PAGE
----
So, what you have is a very portable, very bright source of constant light, ideal for macro work. First impressions are that this is a nicely made bit of kit, with a really solid feel to it. Oh, and did I mention that it’s bright?

You’ll have seen some samples in the last couple of posts, but here’s another one:

Smiler

Smiler

Camera: X-T2
Aperture: ƒ/7.1
Shutter speed: 1/60s
Focal length: 80mm
ISO: 1250
Taken: 25 February, 2018

Tiggercam has been upgraded

Tigger told me he wasn’t satisfied with the webcam (it was a bit low-res, not to mention low-budget), and insisted that I get him a new one, and a mini-tripod to make it easier to carefully position it. Here’s the new kit in position:

Live!

Live!

Camera: X70
Aperture: ƒ/14
Shutter speed: 1/30s
Focal length: 18.5mm
ISO: 3200
Taken: 10 December, 2017

Peak Design Leash (new version)

When I talked about the new, improved Peak Design Cuff the other day, I suggested that I’d quite likely be trying out the new Leash. And so I have, and here it is.

Like the Cuff, it comes in a neat little box:

The box

The box

Which opens up to show the goodies:

Open the box!

Open the box!

And unpacks to reveal all:

Contents

Contents

Along with the strap you get four of the new, thinner anchors, a small plate for attaching to the tripod screw on the bottom of the camera and an allen key for tightening the screw that holds the plate to the camera. The idea is that with an anchor on the bottom of the camera, it’s all more comfortable to use in sling mode – where you wear the strap across the body rather than around your neck or over one shoulder. As I generally use the X-T2 with the battery grip attached, I use the provided bar for attaching an anchor, so I don’t really need the plate, but I could see it being useful if I’m walking around with one of my bigger lenses attached – using the tripod foot to attach the plate might help balance the weight a bit better. Oh, and you get another sticker with a reminder to register your product on its back.

Here’s a closer look at the neat little plate:

Attached

Attached

It’s really very small – clearly designed to be less likely to get in the way of battery compartments, which might have been an issue with previous models.

The strap itself is the same kind of webbing as the Cuff, and also available in Ash Grey or Black. I went for the grey. There are adjustment points at both ends, which use a loop. Simply slip a finger in the loop and pull to change the length. This is easier than the already quite easy adjusters on my Slide strap, which I think were the same kind used on the previous Leash model.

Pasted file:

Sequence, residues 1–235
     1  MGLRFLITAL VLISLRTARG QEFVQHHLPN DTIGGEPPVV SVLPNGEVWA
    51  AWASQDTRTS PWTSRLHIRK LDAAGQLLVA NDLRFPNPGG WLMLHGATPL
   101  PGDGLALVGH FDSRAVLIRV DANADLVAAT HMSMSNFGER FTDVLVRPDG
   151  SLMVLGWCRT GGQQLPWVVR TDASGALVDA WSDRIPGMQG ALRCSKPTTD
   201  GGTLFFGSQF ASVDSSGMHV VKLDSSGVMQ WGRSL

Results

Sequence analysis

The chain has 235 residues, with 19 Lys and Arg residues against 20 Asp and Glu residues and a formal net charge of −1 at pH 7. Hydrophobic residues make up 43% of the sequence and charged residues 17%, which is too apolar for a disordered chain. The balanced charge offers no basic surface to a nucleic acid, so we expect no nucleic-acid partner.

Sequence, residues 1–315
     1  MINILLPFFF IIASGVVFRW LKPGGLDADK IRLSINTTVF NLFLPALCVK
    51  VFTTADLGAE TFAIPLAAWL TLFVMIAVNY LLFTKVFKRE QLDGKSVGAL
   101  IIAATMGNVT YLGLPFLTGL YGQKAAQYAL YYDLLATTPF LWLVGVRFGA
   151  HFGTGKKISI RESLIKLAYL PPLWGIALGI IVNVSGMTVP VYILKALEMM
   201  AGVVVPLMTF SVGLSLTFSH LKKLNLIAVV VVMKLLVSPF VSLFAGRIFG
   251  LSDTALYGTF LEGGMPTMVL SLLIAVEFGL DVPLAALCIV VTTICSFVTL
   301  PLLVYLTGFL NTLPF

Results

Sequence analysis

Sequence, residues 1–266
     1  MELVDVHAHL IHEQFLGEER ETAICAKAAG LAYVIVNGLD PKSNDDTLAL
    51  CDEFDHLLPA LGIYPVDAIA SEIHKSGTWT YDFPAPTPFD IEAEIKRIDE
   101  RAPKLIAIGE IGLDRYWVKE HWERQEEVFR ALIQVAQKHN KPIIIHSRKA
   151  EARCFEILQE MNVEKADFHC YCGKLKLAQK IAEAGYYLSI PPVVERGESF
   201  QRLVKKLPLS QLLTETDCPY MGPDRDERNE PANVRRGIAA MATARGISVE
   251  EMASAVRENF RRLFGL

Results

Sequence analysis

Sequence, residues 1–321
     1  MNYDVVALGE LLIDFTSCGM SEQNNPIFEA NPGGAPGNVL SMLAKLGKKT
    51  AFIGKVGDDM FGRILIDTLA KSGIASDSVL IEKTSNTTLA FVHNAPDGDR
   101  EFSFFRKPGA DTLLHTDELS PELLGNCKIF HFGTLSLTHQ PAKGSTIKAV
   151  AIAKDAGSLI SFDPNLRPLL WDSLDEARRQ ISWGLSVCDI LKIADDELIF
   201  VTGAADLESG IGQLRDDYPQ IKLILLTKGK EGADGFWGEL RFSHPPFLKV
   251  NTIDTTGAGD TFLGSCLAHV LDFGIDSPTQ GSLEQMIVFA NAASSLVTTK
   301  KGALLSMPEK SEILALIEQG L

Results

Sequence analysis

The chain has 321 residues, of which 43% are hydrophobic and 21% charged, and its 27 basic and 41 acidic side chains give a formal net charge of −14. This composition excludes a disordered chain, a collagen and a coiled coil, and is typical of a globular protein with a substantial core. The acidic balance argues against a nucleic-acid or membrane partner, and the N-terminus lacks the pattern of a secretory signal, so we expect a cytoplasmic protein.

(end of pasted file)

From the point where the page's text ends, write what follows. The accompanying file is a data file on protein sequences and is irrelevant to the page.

Here’s what the adjusters look like:

The business end

The business end

And here’s the kit attached to my X-T2

Ready for action

Ready for action

As you can see, it’s a quite thin strap – just over half the width of the Slide. I’ll be using it sling style, as I think that’s how it’ll work best, and will be less likely to dig into me.

As with the cuff, if you want instructions, watch the video:

And if you want to know more, watch the design video:

Nice kit – worth a look.

Weight and Stuff Report – 9 January 2017

Down another wee bit today, how thrilling!

Talking of thrilling, UK readers should be aware that the £1 coin is being replaced by a fancy new  model this year. The new 12-sided coin (any resemblance to a pre-decimal “thruppeny bit” is entirely deliberate) featuring multiple security features[1] to make forgery more of a challenge[2]. I ordered the 2017 coin set from the Royal Mint so I could have one to look at before they go into circulation in March. And in case anyone wants to know, the old round pounds will be withdrawn by October, so if you’ve got a jar full of them, make sure to spend them or pay them into the bank in good time.

This is just a quick shot – I’ll try for a better one when I can set up the tripod and a better light, but it gives the general idea.